St. Andrew teacher finalist for Golden Apple Award

By Michelle Martin | Staff writer
Wednesday, April 5, 2023

St. Andrew teacher finalist for Golden Apple Award

Rachel Werderits, a Golden Apple Awards finalist and teacher at St. Andrew School in Chicago, in the classroom on March 28, 2023. (Karie Angell Luc/Chicago Catholic)
(Karie Angell Luc/Chicago Catholic)
(Karie Angell Luc/Chicago Catholic)
(Karie Angell Luc/Chicago Catholic)
(Karie Angell Luc/Chicago Catholic)
(Karie Angell Luc/Chicago Catholic)
(Karie Angell Luc/Chicago Catholic)
(Karie Angell Luc/Chicago Catholic)
(Karie Angell Luc/Chicago Catholic)
(Karie Angell Luc/Chicago Catholic)
(Karie Angell Luc/Chicago Catholic)

Rachel Werderits remembers how, early in her teaching career at St. Andrew School, the principal would sometimes come into her classroom while she was teaching to observe her.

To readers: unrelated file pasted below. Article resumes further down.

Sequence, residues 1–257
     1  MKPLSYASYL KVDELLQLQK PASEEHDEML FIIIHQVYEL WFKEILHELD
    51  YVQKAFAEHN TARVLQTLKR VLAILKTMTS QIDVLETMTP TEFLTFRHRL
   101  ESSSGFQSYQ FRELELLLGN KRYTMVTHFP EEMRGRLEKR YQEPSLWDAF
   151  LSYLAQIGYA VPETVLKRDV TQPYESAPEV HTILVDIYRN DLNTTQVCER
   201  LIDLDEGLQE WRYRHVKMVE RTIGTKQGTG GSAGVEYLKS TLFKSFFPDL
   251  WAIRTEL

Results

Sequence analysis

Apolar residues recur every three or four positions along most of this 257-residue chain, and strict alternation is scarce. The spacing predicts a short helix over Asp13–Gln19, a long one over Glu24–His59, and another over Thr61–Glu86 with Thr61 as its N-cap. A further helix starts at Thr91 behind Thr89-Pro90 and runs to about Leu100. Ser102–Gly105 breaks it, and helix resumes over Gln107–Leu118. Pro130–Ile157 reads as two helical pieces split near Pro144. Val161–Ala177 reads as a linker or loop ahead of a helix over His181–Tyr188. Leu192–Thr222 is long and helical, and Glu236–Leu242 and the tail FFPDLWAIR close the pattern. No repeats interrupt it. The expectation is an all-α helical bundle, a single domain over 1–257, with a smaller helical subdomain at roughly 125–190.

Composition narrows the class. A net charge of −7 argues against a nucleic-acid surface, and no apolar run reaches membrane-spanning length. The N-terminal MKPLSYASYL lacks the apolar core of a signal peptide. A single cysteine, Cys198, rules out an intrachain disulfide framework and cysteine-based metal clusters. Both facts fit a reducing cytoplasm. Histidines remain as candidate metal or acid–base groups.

Every time, she said, she would get nervous.

After a few years, she finally asked the principal, Allan Ackermann, who retired at the end of the last school year, why he did that.

“He told me he came to my room when he was having a bad day,” said Werderits, now one of 30 finalists for the Golden Apple Award for Excellence in Teaching. “He said he knew he would always see something that would make him happy.”

“It was like a symphony,” Ackermann confirmed. “Everybody would be doing something different, something they were supposed to be doing, and she would be standing in the front conducting it all.”

If she is one of 10 winners named later this spring, Werderits will receive $5,000 and a spring sabbatical, and become a fellow of the Golden Apple Academy. The Golden Apple Foundation of Illinois this year is honoring fourth through eighth grade teachers; awards are given to teachers of different grade levels on a rotating basis.